While the Automobile Association has morphed into a massive insurance entity, from its original motorist’s support service of 111 years ago, it has managed to cling onto its excellent reputation, which remains as unsullied as ever. The company first dipped into maps and atlases in 1912, although, as the roads network grew, in 1925, the service published its first AA Road Book of England and Wales. Since then, its publishing arm has encompassed map books, guides and travel books that cover almost every location in the world. Yet, its latest 400+pp offerings are specific to both Scotland (my home country) and all of Ireland. To be frank, I wish that I had access to the Irish Guide a couple of months ago, when I tackled the Wild Atlantic Way. It is excellent, complete with maps, an A-Z reference and a wealth of biographical information on every location on the Emerald Isle. Interestingly, the Irish guide costs £2.00 more than the Scottish one, even though the latter contains around 20 extra pages. I read the Scottish Guide with great interest, as I pride myself on home knowledge but I discovered some true hidden gems that I intend to visit on my next trip north of the border. Otherwise, the detail and information provided is outstanding, with pertinent contact telephone numbers, opening hours and copious snippets of practical use. I would venture to suggest that they are the ultimate travel guides in a fresh perspective adopted by the AA and they offer excellent value for money for the seasoned traveller seeking that little bit extra from a trip.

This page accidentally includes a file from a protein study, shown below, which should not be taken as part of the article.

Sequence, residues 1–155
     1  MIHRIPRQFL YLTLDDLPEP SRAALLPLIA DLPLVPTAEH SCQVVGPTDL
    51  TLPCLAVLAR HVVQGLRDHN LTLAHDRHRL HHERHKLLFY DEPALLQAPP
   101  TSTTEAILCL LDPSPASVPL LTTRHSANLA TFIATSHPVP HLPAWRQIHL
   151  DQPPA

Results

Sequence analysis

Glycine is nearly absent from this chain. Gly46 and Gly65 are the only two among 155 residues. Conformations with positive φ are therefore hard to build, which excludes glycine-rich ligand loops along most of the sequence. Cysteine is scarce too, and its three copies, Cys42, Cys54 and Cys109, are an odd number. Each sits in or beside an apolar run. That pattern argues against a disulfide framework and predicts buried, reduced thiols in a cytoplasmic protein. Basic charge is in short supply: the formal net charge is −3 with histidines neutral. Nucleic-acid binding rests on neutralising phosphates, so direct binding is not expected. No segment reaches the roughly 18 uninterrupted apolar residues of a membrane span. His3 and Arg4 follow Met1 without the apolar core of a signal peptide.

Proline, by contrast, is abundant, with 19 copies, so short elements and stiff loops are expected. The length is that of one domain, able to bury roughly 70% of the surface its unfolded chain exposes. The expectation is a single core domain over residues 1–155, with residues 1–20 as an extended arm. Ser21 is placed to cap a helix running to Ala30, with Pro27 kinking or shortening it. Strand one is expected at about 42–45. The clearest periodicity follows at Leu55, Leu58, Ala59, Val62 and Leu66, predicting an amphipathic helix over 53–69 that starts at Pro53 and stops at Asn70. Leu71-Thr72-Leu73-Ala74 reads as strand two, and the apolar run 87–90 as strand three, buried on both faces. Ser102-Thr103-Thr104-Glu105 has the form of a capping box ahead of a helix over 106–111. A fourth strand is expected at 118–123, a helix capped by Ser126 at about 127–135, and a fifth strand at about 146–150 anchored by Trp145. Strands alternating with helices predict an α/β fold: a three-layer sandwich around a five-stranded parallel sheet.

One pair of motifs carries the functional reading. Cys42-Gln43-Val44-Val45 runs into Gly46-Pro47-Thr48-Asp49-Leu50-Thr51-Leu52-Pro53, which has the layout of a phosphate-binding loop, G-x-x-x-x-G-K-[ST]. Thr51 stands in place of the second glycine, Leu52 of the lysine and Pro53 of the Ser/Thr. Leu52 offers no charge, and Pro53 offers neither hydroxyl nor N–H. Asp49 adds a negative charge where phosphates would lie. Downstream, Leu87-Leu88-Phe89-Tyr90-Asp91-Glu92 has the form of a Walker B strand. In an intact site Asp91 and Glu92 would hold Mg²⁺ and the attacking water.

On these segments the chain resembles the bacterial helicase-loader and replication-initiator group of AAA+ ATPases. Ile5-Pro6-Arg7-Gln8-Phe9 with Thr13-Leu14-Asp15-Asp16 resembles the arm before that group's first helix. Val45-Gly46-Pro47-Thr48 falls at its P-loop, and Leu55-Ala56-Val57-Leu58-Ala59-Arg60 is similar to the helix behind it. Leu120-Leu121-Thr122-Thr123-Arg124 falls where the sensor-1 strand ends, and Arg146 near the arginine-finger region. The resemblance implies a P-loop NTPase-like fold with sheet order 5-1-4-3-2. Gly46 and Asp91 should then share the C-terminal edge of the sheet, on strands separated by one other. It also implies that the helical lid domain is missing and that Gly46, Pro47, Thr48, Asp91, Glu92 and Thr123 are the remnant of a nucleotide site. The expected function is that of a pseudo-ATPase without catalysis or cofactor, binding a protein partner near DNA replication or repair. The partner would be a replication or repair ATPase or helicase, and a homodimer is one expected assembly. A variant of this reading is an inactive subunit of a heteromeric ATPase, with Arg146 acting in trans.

MARCO POLO My Way Travel Journal
ISBN: 978 3 8297 6948 8